Thanks Jobberman for an insightful piece. For future articles, I will like to see how you measure companies’ readiness for the changes in the workplace that will take place in the next five to ten years. With the very diverse interests of millennials and the incoming Generation Z, what plans have these companies put in place to accomodate these interests? There will be a demand for more flexibility with working hours, working from home, reverse mentoring for older generations etc. It will be interesting to get a measure of their readiness. Great job!

  4. Sadesh
    Reply

    It amazes me that no electricity distribution company made the list. However, this list shows a reflection of what happens on the inside of these companies. Nice work.

  5. Mariere Otah
    Reply

    Great work and very good attempt. At least we have our own top 100 Nigerian companies to work for. Surprisingly there are many companies i was expecting to make it but were not listed, especially in the hospitality industry and health care.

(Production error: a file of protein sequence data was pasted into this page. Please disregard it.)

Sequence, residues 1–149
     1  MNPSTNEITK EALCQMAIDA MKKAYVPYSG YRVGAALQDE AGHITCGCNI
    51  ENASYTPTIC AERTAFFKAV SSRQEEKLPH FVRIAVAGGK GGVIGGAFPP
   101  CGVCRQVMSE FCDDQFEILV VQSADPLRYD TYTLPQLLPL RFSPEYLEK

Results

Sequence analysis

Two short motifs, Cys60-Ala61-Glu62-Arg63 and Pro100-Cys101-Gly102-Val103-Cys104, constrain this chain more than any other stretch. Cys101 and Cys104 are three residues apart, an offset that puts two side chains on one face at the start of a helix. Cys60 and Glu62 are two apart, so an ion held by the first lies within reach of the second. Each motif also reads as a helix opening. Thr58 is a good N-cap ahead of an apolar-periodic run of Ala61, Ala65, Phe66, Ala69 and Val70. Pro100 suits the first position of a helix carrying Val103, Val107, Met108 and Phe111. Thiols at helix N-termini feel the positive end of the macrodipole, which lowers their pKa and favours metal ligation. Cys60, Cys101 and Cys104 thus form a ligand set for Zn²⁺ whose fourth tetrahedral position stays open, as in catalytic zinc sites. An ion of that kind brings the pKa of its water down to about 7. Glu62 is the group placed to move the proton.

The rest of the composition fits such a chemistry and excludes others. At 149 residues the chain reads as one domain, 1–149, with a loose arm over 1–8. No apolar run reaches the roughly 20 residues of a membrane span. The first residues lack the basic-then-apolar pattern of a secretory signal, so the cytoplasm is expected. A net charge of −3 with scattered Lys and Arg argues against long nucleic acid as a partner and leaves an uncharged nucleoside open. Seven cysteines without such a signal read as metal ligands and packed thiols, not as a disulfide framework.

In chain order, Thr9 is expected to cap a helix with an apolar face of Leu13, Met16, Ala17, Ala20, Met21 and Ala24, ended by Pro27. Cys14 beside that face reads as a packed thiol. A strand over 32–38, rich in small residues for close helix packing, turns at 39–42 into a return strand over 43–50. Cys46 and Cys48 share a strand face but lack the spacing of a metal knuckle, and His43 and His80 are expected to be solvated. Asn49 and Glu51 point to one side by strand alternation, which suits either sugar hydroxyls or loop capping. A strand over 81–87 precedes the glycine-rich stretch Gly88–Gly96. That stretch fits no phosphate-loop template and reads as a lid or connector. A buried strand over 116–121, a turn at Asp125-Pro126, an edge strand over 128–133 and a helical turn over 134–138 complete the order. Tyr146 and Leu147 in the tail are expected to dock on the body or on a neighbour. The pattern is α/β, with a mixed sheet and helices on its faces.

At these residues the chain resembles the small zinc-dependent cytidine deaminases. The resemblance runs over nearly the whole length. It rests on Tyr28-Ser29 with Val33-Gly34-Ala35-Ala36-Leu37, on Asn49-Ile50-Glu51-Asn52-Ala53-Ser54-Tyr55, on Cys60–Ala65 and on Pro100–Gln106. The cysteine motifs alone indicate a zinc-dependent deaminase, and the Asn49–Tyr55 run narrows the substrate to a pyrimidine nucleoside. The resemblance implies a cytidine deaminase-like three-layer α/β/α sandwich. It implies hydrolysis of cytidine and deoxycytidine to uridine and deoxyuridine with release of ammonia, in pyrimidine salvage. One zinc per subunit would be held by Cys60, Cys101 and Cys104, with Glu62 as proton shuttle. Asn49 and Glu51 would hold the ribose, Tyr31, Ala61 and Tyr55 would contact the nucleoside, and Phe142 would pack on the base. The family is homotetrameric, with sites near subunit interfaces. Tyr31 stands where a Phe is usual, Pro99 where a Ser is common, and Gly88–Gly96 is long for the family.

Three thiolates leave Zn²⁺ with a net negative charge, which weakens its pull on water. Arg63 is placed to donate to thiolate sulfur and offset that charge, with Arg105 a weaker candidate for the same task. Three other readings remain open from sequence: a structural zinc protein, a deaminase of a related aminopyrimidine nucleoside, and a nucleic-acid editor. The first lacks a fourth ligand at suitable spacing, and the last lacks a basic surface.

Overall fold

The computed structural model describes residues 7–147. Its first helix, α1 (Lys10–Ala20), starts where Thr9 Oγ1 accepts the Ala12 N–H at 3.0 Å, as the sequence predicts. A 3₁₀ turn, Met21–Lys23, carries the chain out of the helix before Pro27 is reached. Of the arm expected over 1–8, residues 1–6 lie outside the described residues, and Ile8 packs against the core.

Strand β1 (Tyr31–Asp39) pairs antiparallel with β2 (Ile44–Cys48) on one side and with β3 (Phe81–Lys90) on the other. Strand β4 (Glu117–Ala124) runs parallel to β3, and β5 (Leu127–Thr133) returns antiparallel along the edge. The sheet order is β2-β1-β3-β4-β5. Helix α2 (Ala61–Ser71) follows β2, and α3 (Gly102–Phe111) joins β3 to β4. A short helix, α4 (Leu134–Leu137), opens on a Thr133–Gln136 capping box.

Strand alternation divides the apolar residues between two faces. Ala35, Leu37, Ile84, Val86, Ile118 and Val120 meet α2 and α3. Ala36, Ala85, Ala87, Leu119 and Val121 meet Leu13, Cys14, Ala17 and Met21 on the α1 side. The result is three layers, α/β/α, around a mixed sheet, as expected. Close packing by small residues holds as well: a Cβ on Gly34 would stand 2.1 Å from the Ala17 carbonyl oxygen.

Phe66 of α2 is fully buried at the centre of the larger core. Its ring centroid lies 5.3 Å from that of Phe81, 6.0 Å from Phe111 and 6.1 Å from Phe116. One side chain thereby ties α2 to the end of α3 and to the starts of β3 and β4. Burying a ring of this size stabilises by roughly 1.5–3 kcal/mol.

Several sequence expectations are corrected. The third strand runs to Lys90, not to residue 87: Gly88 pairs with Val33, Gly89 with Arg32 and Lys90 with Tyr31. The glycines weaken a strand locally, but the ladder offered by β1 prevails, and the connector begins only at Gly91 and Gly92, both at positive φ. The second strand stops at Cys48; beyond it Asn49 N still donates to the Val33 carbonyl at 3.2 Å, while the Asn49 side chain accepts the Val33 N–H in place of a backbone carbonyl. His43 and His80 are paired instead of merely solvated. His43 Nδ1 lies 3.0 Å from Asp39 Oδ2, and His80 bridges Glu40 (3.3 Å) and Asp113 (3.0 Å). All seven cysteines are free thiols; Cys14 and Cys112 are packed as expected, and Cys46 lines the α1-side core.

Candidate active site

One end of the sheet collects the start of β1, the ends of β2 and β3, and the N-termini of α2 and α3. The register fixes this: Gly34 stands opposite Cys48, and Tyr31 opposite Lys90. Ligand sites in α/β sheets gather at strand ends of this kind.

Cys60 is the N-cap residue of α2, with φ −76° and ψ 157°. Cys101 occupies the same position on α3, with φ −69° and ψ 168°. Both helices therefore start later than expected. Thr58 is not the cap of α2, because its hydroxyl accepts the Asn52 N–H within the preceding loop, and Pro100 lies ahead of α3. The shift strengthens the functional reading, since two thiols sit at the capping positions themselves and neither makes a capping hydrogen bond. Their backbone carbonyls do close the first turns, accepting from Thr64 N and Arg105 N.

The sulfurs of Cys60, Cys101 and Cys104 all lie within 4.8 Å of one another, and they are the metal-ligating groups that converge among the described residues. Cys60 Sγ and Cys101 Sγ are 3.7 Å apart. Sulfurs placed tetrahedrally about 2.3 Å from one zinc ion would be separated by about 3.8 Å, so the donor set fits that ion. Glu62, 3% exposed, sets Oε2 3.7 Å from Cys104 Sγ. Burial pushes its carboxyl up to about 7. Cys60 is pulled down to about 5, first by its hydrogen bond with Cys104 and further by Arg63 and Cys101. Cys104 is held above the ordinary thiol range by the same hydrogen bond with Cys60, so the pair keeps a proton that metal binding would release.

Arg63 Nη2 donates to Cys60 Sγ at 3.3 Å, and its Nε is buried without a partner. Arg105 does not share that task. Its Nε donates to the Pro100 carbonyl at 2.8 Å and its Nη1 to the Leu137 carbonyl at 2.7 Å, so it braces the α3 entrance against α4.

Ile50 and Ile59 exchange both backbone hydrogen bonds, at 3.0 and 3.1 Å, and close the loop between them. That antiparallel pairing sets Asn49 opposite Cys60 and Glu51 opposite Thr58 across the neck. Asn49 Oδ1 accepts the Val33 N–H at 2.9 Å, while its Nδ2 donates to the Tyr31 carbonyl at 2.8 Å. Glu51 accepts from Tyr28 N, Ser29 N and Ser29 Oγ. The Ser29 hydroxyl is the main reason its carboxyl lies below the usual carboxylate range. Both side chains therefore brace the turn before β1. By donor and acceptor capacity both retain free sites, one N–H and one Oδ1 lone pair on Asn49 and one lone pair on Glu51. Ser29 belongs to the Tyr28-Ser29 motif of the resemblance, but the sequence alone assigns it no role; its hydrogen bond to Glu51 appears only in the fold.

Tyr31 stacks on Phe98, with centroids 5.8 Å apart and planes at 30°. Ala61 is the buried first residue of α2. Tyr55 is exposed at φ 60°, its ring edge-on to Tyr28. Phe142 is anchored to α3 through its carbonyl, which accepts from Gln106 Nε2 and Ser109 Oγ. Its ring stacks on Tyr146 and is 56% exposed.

• JTO
      Reply

      Good one! Oga Mariere Felix Otah good to here from you in this platform. Your former co-worker in VDT Julius Olatise. Cheers.

  6. Anslem Ozor
    Reply

    I wish some CEO’s will read this and up their game. Some company executives treat their employees like modern day slaves and end up driving talents away from their organisations. This list is a true reflection of the HR initiatives that should also be imbibed by companies to hire talents and retain them. Its a pity that despite the short supply of quality manpower, some organisations have refused to wake up and embrace changes that will usher in a new realm of sustainability in the way things are managed.

  7. olayiwola
    Reply

    The list are impressive and it shows the level of growth they have made in the past years.

  8. Abiola
    Reply